Lots of things are ‘complex’ nowadays. But what does that really mean and how can we deal with it? If simple solutions keep failing (even if they sound tempting) you might be dealing with a more complex problem.

Calculating the orbit of a planet is complicated but – provided you have the knowledge and a good computer – can be achieved for thousands of years in advance, making it non-complex. The way a team, an organization or a group of customers behaves in the face of changing environmental influences is complex. It cannot really be predicted, is different today than it will be tomorrow and will include unexpected dynamics.

The Cynefin model helps in dealing with different situations. It divides situations into simple ones (immediate relationship between cause and effect), complicated ones (expert knowledge is required to understand the relationship, but it is predictable), complex ones (cannot be fully described, cause and effect can only be identified in retrospect, cannot be predicted) and chaotic ones (no cause-effect relationship, no clear patterns – e.g. catastrophes). It furthermore suggests the following steps of dealing with these situations:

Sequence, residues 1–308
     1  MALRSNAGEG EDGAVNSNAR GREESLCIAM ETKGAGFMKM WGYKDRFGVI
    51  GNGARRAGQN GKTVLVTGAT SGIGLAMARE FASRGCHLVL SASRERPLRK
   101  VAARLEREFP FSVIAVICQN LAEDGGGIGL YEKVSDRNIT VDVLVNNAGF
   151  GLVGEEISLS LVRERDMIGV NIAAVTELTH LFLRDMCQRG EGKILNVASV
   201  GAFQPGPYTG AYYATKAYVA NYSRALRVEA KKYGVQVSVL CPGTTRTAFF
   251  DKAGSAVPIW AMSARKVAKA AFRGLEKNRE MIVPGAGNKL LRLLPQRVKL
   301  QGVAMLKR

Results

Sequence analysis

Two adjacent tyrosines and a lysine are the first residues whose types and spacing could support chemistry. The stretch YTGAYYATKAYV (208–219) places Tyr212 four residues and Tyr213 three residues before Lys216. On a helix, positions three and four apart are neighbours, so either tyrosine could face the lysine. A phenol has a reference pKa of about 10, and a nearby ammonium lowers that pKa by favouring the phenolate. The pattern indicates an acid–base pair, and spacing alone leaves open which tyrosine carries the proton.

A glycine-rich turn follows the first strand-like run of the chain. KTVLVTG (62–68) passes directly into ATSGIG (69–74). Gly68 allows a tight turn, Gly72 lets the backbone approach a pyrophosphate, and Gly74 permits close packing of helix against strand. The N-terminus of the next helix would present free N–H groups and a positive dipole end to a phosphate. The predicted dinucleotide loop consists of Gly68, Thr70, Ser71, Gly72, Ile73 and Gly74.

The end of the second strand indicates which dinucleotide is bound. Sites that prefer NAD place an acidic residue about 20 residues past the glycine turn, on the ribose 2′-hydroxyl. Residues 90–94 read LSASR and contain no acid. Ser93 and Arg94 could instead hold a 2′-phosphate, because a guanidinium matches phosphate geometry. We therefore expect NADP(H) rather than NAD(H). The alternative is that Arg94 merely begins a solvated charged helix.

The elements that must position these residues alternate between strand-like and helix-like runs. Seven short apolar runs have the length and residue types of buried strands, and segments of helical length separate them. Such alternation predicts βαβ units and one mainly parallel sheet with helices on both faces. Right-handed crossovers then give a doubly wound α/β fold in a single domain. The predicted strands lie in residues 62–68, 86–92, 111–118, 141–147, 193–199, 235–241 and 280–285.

Source: www.wandelweb.de


  1. Abandon the illusion of being able to plan everything. In complex situations, it is more helpful to set smaller interventions (probe), to evaluate, to learn from the findings and then to implement the next intervention.
  2. Look at your system from the outside. The overall picture is often difficult to grasp when you are part of the picture. Use the perspective of external parties to identify patterns and see the big picture.
  3. Follow the example of Beppo Roadsweeper out of Michael Ende’s novel Momo: one step, one breath, one sweep. What looked like a frighteningly long road is easy to master if you take one step at a time.